Each concentration of test compounds was performed in triplicate. The results of antimicrobial activity were presented as the mean values of the diameters of the inhibitory zones from three runs. All values of antioxidant activity tests were expressed as mean +- SD of three parallel measurements. Analysis of variance was performed by ANOVA procedure in SPSS 20.0 software package, and p 100###9.82+-0.01###15###20.13+-0.08###6.31+-0.01
Compounds 2-21 were identified and confirmed by comparison with the reported data.
The 95% ethanol eluate and isolated compounds 1-21 (purity >95%) were screened for their antioxidant and antimicrobial activities in vitro. Among them, some exhibited apparently biological activity as shown in Table-2 and Table-3.
The ethanol eluate showed antioxidant and antimicrobial activities, which indicated the potential presence of bioactive secondary metabolites in the E. ulmoides. Compounds 7, 8, 11, and 21 exhibited antimicrobial activity (Table-2). Noticeably, compound 21 may be developed as a potential antimicrobial agent due to its antibacterial and antifungal activities. Compounds 2, 7, 11, and 14-16 showed ABTS+* scavenging activity with IC50 values ranging from 20.13 to 86.41 uM (Table-3). In particular, the activity of compounds 2, 11, and 14-16 were more potent than that of the positive control Trolox (26.35 uM). In the FRAP assay, compounds 2, 3, 7, 9, 11, 14-16, and 20 had antioxidant activity in the range of 2.49 to 19.25 mmol/g (Table-3), among them, 3, 7, 11, and 14 showed stronger antioxidant activity than that of the positive control Trolox (9.02 mmol/g). These results indicated that polyphenols were involved in the antimicrobial and antioxidant effects of E. ulmoides Oliver.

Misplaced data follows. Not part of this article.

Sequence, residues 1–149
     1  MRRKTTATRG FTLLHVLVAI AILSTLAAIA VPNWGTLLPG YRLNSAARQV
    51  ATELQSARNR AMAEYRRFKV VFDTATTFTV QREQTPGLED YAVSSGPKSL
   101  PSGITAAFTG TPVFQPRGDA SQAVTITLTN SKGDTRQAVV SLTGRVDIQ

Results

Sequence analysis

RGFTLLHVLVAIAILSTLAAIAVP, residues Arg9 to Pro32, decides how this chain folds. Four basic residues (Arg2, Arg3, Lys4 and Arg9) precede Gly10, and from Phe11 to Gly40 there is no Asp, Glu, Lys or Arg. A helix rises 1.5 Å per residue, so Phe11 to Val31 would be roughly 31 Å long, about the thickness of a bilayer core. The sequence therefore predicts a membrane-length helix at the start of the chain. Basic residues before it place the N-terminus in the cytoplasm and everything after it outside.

This work was supported by Students Science and Technology Innovation Fund of Yangzhou University (x20160738), Jiangsu Students' Project for innovation and entrepreneurship training program (201711117085X) and open foundation of Green Pesticides and Biotechnology Key Laboratory of Guizhou University of Ministry of Education (2017GDGP0102/2017GDGP0103). The research work was partially supported by program for the Analytical Detective Center, Yangzhou University.
1. X. He, J. Wang, M. Li, D. Hao, Y. Yang, C. Zhang, R. He and R. Tao, Eucommia ulmoides Oliv.: Ethnopharmacology, Phytochemistry and Pharmacology of an Important Traditional Chinese Medicine, J. Ethnopharmcol., 151, 78 (2014).